epstool - Edit preview images and fix bounding boxes in EPS files.
epstool command [ options ] inputfile outputfile
epstool is a utility to create or extract preview images in EPS files.
It can also calculate optimal bounding boxes.
EPS (Encapsulated PostScript Format)
EPS is a specialised form of a PostScript file that complies with the
Document Structuring Conventions (DSC) and is intended to be embedded
inside another PostScript file. An EPS file must contain a special
first line that identifies it as an EPS file (e.g. %!PS-Adobe-3.0
EPSF-3.0) and it must contain a %%BoundingBox: line. The EPS file only
draws within the rectangle defined by the bounding box. The PostScript
code must avoid using PostScript operators that would interfere with
the embedding. These include operators with global effects such as
changing the page size and changing the half tone screen.
EPS files may contain a preview to be used by programs that can’t
interpret the PostScript code. There are three ways to add a preview to
an EPS file.
This preview is included within PostScript comments in a section
marked %%BeginPreview: / %%EndPreview. The actual image data is
stored in hexadecimal format. This format is most commonly used
The preview is a TIFF or Windows Metafile. A DOS EPS file has a
30 byte binary header which gives offsets and lengths for the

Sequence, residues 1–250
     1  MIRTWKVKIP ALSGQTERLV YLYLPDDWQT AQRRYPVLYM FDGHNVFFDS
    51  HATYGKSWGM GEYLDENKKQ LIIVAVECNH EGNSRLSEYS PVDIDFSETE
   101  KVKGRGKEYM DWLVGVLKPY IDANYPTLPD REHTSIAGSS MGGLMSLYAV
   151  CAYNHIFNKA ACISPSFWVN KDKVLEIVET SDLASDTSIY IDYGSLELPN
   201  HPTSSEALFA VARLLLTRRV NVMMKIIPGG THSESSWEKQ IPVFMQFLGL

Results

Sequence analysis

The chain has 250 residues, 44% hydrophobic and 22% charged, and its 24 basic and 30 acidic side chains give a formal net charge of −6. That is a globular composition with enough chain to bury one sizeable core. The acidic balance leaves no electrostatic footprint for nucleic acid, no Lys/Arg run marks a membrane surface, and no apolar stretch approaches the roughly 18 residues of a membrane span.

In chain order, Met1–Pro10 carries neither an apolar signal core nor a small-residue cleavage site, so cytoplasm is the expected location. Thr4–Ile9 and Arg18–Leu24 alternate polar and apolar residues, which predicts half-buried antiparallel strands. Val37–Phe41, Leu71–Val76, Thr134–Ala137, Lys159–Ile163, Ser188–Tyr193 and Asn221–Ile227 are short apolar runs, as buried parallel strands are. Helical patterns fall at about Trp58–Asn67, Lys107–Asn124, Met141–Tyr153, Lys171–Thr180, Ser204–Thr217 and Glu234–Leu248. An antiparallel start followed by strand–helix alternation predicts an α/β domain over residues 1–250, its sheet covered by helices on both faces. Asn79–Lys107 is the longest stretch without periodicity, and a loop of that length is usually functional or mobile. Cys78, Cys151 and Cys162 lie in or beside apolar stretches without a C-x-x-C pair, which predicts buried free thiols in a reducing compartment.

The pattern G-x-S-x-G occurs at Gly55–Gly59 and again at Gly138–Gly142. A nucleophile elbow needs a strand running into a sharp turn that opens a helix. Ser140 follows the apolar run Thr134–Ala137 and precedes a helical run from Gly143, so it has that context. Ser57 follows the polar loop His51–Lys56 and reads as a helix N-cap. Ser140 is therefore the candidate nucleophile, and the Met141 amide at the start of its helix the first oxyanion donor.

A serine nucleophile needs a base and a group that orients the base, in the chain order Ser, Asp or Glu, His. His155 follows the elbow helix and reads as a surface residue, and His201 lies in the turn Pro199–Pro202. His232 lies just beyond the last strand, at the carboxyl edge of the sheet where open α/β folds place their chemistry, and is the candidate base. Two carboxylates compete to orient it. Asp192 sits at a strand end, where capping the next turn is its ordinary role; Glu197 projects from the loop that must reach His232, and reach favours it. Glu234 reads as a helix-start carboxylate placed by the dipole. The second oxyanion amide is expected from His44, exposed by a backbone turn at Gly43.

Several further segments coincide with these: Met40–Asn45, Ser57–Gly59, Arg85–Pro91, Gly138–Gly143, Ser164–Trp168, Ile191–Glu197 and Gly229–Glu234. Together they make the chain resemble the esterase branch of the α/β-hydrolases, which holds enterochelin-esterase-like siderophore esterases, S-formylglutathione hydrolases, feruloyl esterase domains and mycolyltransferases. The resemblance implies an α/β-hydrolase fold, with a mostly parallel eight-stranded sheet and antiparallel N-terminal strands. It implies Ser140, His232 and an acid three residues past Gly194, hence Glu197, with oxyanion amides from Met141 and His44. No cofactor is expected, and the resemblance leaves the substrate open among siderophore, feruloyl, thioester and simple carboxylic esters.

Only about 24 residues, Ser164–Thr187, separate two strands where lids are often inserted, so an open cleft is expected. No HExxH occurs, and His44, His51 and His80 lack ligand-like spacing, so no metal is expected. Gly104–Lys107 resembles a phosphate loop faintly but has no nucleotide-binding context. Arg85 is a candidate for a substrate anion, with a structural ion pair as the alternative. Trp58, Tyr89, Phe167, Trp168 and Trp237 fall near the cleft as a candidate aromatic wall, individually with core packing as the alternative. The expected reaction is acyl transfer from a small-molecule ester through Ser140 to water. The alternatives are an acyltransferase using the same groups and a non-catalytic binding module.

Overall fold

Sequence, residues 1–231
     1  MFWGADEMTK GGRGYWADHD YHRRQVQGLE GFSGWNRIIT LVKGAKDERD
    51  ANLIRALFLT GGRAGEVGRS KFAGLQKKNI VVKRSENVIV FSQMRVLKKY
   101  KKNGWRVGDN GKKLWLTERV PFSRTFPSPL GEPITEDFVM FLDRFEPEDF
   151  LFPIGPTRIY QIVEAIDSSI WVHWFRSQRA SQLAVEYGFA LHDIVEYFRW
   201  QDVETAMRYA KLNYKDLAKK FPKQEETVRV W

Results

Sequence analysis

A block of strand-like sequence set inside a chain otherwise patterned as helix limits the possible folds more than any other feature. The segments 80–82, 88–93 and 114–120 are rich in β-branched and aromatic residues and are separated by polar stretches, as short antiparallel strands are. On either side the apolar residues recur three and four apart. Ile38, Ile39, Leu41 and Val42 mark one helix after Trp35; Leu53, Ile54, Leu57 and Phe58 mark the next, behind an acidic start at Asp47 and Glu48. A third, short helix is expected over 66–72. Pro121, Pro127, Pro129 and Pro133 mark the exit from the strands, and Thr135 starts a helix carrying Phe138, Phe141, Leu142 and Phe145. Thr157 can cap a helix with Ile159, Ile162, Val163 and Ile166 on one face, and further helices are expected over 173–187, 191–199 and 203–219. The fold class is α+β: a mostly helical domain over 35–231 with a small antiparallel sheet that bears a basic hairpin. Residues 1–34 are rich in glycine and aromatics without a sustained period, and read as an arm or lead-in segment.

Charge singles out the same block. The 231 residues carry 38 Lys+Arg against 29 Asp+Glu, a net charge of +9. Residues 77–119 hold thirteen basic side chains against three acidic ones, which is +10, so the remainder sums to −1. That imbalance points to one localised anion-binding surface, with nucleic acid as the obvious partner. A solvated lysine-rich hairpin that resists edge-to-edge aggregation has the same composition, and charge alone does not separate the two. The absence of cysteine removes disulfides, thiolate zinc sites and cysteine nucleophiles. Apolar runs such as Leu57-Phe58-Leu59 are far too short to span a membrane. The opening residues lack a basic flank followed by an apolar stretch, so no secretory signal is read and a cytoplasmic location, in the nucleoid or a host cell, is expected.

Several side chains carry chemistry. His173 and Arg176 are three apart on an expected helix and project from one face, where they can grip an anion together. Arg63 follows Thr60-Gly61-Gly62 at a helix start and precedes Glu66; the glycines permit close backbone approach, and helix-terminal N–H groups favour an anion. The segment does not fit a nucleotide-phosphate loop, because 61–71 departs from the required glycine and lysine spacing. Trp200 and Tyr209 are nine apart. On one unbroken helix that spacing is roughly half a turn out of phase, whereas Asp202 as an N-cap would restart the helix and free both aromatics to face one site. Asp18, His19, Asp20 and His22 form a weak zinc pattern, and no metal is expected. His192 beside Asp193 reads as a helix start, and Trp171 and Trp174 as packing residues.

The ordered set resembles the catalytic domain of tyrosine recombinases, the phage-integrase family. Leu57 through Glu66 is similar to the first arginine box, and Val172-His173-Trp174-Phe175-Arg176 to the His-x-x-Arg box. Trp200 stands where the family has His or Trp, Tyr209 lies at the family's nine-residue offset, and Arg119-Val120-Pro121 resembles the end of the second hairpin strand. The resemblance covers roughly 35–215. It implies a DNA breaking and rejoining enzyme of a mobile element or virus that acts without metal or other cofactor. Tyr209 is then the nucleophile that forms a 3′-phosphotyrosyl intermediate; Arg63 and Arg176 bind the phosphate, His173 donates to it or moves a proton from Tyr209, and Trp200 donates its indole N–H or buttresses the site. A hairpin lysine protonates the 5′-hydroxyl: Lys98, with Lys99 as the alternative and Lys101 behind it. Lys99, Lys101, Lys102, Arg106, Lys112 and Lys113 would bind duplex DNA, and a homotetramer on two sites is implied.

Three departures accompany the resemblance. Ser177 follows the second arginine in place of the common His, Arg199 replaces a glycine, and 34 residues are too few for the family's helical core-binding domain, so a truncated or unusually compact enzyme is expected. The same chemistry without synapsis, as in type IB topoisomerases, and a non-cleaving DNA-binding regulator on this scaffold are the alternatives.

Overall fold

PostScript, TIFF and Windows Metafile sections. You can’t send a
DOS EPS file directly to a printer - you have to remove the
binary header and preview first. This format is most commonly
used on MS-Windows.
PICT The preview is in PICT format stored in the resource fork of the
file. This format is most commonly used on the Macinstosh.
Epstool provides limited support for this format.
COMMANDS (one only):
Add a TIFF 4 preview. The preview is monochrome and is intended
for use with old programs that won’t read TIFF6, such as Word
Perfect 5.1 for DOS.
Add a TIFF 6 uncompressed preview. See --add-tiff6p-preview for
how to add a greyscale or monochrome preview.
Add a TIFF 6 preview compressed with packbits (simple run length
encoding). The preview will normally be full colour, but you can
make it greyscale by adding the option --device bmpgray or
--device pgmraw, or monochrome using --device bmpmono or
Add a TIFF preview using ghostscript to generate the TIFF file.
You must specify a suitable TIFF device using --device. If you
want a compressed monochrome image, you might use --device
Add a monochrome interchange preview.
Add a Windows Metafile (WMF) preview. The metafile will contain